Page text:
It’s Always Too Early to Write LeBron Off

It have been a strange start to the NBA season. Gordon Hayward’s broken ankle changed the Boston Celtics’ seasonal aspirations almost immediately, and the Orlando Magic have emerged as an unlikely contender after years of futility. One thing that did happen that was not totally unpredictable was the slow start for the three-time defending Eastern Conference champion Cleveland Cavaliers, and while the predictable “should we be worried about the Cavs?” narrative has emerged, I am nowhere near ready to be worried about Cleveland.

Yes, the Cavaliers had a record of 3-5 earlier this week. Yes, they have a different roster than the one that was in the Finals, and yes, Kyrie Irving playing at a high level for the Celtics while Isaiah Thomas has yet to appear in a game is a significant drop off in talent. Yes, Dwyane Wade is old. And yes, when Isaiah does come back, he of all people will not be able to improve their struggling defense. But Cleveland, for this year anyway, still has LeBron James, and I have given up on doubting him.

Earlier this week, I wrote about how Tom Brady’s extended run of greatness forced the Patriots to trade their franchise quarterback of the future for San Francisco, and how everyone who has tried to write Brady off in his 30s has been made to look like a fool. LeBron is in the same category as Brady, and unlike Brady, LeBron has never had a major injury. I am 27, will be turning 28 before the end of the NBA season, and as long as I have been of legal drinking age, the Pats have been in the AFC Championship Game and LeBron’s team has represented the Eastern Conference in the NBA Finals. Those streaks are bound to end eventually, but it is foolish to think it will happen until it does.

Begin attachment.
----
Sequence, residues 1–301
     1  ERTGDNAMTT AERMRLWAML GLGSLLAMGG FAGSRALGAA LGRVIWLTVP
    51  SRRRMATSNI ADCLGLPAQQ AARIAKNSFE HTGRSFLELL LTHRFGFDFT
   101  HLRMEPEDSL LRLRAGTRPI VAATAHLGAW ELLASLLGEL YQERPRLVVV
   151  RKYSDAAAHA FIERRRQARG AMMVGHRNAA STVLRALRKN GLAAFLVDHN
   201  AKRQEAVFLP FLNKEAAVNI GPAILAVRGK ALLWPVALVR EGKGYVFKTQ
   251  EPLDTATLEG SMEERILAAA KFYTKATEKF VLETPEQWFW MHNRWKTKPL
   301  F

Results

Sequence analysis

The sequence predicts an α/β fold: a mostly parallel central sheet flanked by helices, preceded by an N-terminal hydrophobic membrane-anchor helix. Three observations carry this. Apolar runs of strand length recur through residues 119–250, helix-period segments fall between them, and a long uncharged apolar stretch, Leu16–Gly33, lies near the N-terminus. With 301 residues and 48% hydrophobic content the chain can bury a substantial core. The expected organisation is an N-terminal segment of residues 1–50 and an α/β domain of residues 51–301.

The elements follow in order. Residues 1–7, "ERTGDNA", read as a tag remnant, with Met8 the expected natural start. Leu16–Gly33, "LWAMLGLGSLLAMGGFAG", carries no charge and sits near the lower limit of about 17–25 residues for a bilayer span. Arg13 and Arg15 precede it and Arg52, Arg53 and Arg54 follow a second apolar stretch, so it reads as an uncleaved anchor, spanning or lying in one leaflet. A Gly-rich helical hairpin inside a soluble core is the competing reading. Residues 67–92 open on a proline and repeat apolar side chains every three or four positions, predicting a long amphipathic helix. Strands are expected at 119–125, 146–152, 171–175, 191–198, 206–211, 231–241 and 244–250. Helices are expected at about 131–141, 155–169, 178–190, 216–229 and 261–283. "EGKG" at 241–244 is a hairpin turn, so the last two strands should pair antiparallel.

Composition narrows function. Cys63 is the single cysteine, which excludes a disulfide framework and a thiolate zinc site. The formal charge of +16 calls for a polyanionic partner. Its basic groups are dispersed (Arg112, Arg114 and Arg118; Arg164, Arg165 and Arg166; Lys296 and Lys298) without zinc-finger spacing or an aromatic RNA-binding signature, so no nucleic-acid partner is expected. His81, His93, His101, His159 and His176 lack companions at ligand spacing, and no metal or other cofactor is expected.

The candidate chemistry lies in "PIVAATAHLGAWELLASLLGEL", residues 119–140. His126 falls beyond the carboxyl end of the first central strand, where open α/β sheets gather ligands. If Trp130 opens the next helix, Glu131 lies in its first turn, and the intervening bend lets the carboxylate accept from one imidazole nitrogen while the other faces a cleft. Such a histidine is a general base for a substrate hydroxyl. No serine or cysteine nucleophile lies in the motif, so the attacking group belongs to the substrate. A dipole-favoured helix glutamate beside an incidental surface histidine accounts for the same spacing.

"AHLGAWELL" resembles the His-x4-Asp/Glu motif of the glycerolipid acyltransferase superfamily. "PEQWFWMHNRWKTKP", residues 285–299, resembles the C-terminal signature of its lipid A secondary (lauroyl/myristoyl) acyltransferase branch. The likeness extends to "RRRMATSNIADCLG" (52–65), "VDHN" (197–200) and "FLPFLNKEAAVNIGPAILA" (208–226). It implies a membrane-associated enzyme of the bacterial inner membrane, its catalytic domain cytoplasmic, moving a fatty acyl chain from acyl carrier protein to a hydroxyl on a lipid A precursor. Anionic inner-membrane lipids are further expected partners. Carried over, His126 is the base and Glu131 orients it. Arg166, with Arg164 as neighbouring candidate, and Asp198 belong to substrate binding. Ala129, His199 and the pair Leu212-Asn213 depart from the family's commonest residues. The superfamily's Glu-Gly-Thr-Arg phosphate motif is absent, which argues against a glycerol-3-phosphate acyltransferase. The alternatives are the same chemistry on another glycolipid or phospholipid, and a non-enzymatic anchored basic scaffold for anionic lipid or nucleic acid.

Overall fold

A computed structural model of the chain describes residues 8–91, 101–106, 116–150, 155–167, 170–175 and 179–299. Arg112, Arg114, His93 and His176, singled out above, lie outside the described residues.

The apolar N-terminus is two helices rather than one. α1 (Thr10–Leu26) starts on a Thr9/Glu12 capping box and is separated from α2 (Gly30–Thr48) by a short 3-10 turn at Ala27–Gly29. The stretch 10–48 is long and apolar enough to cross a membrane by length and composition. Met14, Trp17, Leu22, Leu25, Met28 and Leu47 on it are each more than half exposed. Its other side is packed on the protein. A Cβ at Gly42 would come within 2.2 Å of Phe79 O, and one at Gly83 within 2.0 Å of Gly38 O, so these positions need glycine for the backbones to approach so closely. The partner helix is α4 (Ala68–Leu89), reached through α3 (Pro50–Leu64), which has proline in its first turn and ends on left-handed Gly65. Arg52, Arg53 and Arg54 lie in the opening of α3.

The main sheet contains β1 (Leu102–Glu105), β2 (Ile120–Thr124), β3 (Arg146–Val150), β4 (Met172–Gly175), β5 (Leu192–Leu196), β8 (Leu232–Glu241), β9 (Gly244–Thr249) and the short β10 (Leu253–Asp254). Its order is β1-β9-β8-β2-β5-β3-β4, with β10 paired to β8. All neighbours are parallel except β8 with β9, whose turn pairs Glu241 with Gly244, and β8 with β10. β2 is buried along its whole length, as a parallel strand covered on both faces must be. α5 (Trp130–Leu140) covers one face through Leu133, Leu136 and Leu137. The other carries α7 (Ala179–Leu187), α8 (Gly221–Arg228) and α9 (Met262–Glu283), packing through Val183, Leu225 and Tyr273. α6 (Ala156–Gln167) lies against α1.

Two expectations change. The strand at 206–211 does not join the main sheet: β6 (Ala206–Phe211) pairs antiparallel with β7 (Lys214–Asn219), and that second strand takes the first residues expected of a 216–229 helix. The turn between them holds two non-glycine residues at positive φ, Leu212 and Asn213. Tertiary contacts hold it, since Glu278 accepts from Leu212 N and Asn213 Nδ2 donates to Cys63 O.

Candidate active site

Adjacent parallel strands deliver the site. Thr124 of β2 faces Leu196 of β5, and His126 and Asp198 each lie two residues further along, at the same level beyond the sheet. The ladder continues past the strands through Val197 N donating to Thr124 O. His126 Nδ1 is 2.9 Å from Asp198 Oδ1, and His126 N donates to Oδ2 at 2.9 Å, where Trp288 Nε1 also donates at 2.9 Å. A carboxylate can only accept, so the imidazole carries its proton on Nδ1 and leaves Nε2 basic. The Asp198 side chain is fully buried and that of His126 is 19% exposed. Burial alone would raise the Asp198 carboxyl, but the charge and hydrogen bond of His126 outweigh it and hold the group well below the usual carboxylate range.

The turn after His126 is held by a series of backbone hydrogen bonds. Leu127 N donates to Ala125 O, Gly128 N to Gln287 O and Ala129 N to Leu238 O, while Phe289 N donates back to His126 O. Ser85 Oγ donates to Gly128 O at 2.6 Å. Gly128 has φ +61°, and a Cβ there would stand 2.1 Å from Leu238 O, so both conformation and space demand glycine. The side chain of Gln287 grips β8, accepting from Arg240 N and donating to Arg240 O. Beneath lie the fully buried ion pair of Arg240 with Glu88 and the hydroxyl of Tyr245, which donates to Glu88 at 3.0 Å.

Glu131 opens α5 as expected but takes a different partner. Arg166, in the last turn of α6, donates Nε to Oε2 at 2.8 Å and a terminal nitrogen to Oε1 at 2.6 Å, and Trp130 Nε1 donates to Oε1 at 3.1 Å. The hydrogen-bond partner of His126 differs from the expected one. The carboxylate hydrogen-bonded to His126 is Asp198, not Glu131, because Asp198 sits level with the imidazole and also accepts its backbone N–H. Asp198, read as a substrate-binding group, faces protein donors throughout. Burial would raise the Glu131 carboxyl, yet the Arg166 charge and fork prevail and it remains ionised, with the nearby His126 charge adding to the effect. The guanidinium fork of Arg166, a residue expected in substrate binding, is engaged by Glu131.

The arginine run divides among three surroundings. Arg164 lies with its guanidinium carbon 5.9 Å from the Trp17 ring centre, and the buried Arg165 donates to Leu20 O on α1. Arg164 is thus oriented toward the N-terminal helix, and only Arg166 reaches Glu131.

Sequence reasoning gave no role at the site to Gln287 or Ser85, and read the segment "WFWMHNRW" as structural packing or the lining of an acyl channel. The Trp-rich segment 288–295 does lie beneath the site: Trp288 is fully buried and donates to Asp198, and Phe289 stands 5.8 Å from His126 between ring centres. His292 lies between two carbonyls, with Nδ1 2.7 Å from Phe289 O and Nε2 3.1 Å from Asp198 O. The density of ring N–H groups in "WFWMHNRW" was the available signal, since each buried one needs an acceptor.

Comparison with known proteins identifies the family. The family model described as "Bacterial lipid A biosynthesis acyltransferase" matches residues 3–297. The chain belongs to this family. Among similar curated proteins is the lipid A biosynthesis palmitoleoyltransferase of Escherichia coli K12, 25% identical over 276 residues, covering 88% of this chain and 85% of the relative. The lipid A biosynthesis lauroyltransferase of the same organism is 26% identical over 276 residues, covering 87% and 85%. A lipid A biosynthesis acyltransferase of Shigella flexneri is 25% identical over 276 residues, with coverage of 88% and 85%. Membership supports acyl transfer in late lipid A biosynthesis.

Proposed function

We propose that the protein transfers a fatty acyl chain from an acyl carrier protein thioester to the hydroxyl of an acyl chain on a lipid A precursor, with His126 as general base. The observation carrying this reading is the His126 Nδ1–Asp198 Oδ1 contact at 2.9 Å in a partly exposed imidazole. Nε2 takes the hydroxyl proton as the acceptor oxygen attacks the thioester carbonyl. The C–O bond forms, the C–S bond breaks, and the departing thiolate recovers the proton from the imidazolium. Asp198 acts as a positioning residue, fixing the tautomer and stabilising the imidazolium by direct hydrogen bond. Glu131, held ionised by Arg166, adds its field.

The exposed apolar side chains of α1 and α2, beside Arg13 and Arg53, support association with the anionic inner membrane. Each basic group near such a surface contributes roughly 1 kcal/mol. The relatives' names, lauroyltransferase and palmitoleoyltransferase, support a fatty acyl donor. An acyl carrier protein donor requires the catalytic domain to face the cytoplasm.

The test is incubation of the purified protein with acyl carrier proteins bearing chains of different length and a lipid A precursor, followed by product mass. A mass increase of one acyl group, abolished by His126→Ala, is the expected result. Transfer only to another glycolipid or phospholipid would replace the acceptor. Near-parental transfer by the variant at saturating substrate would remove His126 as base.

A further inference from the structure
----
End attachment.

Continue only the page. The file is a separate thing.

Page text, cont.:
Last week, I compared the 2017-18 Celtics to the 2008 Patriots, when Brady was out for all but the first quarter of the first game and still went 11-5. The 2017-18 Cavaliers, I suspect, are this year’s version of the 2009-10 Celtics. That team, with Kevin Garnett, Ray Allen, and Paul Pierce all in their 30s, and with new addition Rasheed Wallace not being the greatest of fits, paced themselves in the regular season, and their championship window appeared to be slammed shut. Then the playoffs started, and the Celtics flipped a switch. They knocked off the Cavaliers in the second round, paving the way for LeBron to take his talents to South Beach. They disposed of Dwight Howard and the Orlando Magic in the Eastern Conference Finals, and had a 4th quarter lead in Game 7 of the NBA Finals on the road at Staples Center before they fell apart. In reality, their championship window was closing, but it was far more open than anyone expected.

The Cavaliers are having their growing pains, but they will be okay. Will it be enough to keep LeBron in Cleveland for his next contract? That remains to be seen. For all their success, they are by no means a model franchise in the NBA. They made they Finals in 2015, and fired head coach David Blatt in the middle of the following season. They made the Finals three straight years, and won the city of Cleveland’s first championship since the Johnson Administration along the way, and parted ways with their GM David Griffin. Is Tyronn Lue a good coach? Who knows. We will have a better idea about him when he does not have LeBron on his team. LeBron covers up a lot of their weaknesses, and as long as he is at the height of his powers, he will continue to do so for whatever team employs him.

Look no further than LeBron’s 57 point/ 11 rebound/ 7 assist performance on the road against the Washington Wizards last night. LeBron is still the greatest player in the NBA, and as long as he is, I cannot seriously be worried about the Cavs in October and November.

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